Knysna, South Africa

Warren Missionaries Chris Wilkins & family


Our hope is to plant churches amongst the poor, orphans, widows, drunkards, drug addicts, and forgotten people of the townships of South Africa. Our goal is to make disciples that will go and make more disciples so that church would multiply itself.


Chris is the pastor of our first church plant in the Nekkies township in Knysna, South Africa. This is a very strategic location for a number of reasons, but most notably due to being on the main road. This location has allowed us to be centrally located to the Bongani, Khayalethu, Doms-a-bos and Hlalani townships. Chris spends his days learning the Xhosa language, discipling a core group of 4 men, leading bible studies, leading disciple training, sharing the gospel from house to house, and also networking to try and find jobs for those in the church that are without work. There is also a tremendous amount of benevolence work that must be done due to the 60% unemployment rate, massive number of abused, neglected and orphaned children, as well as those who simply can’t find work. These benevolence outreaches can look very different from day to day, but often include feeding large numbers of people, visiting hospitals and clinics, buying clothes, blankets, and shoes, and paying school fees for children who cannot afford. In short, our goal is to aid the physical, social and most of all the spiritual needs of all we come in contact with.

Cultural Context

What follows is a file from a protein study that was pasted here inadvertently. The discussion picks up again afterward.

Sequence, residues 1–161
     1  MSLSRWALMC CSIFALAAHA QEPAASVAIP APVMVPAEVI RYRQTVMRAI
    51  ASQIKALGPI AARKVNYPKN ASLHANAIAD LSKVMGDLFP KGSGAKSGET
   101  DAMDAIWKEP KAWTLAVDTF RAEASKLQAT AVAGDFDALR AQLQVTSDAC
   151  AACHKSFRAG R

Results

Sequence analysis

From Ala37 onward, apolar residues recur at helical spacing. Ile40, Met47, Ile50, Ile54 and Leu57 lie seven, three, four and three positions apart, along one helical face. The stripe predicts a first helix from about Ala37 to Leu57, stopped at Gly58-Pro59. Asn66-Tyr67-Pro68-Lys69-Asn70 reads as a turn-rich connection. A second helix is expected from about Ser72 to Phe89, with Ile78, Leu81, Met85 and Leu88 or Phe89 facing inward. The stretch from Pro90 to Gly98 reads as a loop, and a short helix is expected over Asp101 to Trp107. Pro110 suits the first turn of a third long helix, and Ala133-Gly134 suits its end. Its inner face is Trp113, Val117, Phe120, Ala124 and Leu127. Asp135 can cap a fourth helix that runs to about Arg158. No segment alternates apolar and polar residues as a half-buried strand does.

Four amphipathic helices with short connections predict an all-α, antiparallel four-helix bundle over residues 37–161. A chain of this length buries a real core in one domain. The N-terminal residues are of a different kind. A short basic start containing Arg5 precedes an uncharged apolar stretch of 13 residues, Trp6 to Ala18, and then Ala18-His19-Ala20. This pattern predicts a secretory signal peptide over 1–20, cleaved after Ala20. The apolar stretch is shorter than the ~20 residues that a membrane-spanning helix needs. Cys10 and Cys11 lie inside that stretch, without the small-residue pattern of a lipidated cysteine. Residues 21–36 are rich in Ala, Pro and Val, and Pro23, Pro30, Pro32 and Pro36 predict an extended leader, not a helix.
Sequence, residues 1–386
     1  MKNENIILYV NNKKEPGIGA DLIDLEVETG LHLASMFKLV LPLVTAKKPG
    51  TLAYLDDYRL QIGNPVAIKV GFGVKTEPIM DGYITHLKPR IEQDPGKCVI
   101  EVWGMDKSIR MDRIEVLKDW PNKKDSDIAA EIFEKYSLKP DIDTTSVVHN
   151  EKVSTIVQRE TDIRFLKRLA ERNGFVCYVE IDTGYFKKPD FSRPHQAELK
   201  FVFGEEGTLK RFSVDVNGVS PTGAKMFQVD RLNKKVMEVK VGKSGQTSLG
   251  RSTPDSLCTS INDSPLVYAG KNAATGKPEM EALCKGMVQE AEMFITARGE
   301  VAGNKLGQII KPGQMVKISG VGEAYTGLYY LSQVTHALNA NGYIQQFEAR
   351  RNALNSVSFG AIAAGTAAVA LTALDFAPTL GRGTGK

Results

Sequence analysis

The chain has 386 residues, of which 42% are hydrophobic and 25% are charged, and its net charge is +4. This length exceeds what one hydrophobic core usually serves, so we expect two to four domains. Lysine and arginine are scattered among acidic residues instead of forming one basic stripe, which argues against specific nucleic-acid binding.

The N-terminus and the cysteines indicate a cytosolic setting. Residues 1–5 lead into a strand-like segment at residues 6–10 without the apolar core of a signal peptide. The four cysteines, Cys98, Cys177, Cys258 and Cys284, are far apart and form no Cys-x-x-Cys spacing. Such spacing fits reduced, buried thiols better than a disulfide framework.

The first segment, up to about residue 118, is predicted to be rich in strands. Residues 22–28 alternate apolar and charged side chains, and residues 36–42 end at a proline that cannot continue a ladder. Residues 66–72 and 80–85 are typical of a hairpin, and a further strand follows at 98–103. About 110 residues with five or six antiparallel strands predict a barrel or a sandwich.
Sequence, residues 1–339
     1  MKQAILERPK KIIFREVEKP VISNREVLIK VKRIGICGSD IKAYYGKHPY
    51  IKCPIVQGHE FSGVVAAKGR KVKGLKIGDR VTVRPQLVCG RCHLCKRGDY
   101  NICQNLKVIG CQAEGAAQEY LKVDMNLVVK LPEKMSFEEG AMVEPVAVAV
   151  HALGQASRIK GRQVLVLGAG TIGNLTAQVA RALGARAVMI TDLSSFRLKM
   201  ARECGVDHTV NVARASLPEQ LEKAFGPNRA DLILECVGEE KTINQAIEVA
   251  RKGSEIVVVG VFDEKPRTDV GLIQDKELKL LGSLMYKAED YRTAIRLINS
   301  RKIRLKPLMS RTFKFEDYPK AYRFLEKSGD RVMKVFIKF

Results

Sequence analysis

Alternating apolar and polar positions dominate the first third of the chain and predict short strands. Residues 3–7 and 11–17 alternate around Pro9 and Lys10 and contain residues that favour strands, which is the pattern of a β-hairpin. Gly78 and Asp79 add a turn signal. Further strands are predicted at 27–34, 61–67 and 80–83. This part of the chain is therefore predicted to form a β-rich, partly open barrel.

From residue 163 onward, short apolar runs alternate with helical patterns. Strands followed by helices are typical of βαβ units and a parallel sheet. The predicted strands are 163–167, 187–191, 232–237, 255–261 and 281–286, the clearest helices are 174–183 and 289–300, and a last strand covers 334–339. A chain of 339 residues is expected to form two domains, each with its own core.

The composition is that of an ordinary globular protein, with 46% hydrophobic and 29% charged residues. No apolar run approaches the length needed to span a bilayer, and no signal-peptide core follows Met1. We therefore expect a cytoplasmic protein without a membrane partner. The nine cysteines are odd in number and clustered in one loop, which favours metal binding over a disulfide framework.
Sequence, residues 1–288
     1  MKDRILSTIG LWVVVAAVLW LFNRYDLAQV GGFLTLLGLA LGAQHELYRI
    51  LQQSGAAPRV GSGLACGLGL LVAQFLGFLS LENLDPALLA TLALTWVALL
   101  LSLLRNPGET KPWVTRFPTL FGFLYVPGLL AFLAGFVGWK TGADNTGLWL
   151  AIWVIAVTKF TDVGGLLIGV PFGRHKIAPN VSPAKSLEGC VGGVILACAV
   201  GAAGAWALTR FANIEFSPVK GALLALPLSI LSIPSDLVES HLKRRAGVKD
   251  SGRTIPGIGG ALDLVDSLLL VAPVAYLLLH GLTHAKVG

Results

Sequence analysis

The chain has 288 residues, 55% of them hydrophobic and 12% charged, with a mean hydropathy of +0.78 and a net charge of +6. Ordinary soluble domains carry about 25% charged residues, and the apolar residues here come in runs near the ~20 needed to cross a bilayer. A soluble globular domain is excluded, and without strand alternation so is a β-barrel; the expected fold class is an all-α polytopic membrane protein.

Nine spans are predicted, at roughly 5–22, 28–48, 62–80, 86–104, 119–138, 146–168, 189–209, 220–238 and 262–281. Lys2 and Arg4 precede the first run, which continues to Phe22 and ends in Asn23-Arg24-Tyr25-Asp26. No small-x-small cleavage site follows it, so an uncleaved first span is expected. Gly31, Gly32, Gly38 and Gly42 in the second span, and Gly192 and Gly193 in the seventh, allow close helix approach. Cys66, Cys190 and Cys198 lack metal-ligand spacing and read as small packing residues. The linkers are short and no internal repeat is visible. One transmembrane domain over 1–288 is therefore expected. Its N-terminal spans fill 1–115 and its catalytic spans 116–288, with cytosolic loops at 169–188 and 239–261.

This is the most difficult issue that we face on a daily basis. South Africa abolished Apartheid (literally means separation of the races) in 1994. Most of the people we work with would be the equivalent of a first-generation freed slave. There are still deep racial divides here simply due to the color of one’s skin. As a white person, ministering in a 100% black area, there are obviously obstacles to ministry that need to be broken down before I am able to minister. Learning the xhosa language has broken down many of these walls along with spending all of my time in these communities building relationships. It takes time, patience, endurance, tenacity, and thick skin and cannot be rushed. I have been chased away on multiple occasions but showing the love of Christ in those situations has been crucial. The Xhosa people are also a very proud people that are very connected to their culture of animism and ancestral worship. Most of them have heard of Jesus Christ, but only rely on him after the animals have been slaughtered and the dead ancestors have been approached through rituals and ceremonies. This makes ministry exceptionally challenging because I am often viewed as the white man, bringing his white religion, only to change the black man’s culture. Again, loving consistently and following up with compassion is the difference maker.